The Evolutionary Beginnings of Bipedalism – Also Known as Walking on Two Legs!

Person walking in nature

“Who invented Walking” may suggest an individual creator, but walking, or bipedalism, results from evolutionary processes. It’s not an invention but a development that occurred over millions of years. Our ancient ancestors, such as Australopithecus, began walking on two legs about 4 million years ago. This shift from four-legged to two-legged walking was a crucial transition in human evolution, marking a significant adaptation for survival and mobility in changing environments.

The Evolutionary Beginnings of Bipedalism

Bipedalism, the ability to walk on two legs, marks a pivotal shift in our ancestors’ evolution. This transition from quadrupedalism (walking on four limbs) began over 4 million years ago. Key fossil evidence, such as Australopithecus, shows early humans’ gradual shift to upright walking. These changes in skeletal structure, particularly in the spine, pelvis, and legs, allowed for more efficient movement and energy use. Bipedalism opened new avenues for interaction with the environment, significantly shaping human evolution.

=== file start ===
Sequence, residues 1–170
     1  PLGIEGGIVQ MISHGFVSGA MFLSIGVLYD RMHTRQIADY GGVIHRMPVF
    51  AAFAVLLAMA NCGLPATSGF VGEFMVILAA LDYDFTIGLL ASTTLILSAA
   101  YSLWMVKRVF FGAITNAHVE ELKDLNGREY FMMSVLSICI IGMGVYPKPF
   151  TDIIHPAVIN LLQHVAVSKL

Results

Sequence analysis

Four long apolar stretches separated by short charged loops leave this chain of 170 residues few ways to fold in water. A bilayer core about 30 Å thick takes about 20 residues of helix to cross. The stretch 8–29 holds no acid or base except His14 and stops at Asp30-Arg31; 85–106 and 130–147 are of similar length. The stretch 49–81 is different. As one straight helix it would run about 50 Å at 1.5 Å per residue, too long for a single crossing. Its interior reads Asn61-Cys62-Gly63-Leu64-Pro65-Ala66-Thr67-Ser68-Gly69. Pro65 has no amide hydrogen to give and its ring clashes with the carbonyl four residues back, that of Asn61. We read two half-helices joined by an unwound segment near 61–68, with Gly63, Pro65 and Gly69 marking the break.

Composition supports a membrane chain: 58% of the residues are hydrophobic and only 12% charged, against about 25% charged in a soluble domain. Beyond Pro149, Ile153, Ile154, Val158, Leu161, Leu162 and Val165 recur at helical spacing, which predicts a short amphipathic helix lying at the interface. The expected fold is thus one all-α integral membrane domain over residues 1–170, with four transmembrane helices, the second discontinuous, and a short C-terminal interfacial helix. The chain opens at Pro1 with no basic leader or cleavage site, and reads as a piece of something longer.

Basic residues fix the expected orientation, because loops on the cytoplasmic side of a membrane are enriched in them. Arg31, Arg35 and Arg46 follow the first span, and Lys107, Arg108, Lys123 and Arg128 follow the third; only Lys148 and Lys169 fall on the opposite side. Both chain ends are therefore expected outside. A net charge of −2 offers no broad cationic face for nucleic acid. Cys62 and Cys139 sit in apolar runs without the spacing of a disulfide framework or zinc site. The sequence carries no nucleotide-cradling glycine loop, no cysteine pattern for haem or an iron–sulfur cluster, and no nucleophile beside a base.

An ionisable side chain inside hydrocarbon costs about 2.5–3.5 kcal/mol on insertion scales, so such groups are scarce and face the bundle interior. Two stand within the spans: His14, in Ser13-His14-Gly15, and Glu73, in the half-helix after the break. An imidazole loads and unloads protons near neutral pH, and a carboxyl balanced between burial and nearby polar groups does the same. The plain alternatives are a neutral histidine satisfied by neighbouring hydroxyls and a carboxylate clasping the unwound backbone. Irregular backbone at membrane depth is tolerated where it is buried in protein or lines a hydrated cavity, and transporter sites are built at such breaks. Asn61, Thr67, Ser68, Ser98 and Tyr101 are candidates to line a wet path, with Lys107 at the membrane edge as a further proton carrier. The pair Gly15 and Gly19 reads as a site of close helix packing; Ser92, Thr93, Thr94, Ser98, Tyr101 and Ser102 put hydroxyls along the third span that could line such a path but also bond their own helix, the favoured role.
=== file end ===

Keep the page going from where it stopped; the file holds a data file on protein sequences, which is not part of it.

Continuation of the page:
The Advantages of Walking on Two Legs

Walking on two legs offered several advantages to early humans.

  • It improved survival by freeing up hands for carrying tools and food. This ability also allowed for better use of tools, enhancing hunting and gathering efficiency.
  • Standing upright provided greater visibility over tall grass and in dense forests, helping to spot both food sources and predators.
  • Bipedalism is energy efficient. It reduced the energy spent on moving, allowing early humans to travel longer distances in search of food and shelter. These benefits played a crucial role in the evolution and success of human species.


Walking evolved over millions of years and wasn’t an invention by humans. Early walkers, like the Devonian tetrapods, showed primitive forms of bipedalism. About 290 million years ago, creatures like Orobates and the bipedal Eudibamus cursoris displayed more efficient walking. This evolution led to bipedal dinosaurs. Humans’ ancestors, like Homo erectus, developed the modern form of walking much later, long after the dinosaurs. This process shows a gradual development from basic to complex walking abilities across different species over geological timescales.